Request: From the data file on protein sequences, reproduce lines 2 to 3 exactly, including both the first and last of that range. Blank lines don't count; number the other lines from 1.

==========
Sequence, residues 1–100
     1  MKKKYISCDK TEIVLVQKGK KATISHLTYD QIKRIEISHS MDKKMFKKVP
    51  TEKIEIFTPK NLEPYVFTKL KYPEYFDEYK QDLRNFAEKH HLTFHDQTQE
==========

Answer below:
     1  MKKKYISCDK TEIVLVQKGK KATISHLTYD QIKRIEISHS MDKKMFKKVP
    51  TEKIEIFTPK NLEPYVFTKL KYPEYFDEYK QDLRNFAEKH HLTFHDQTQE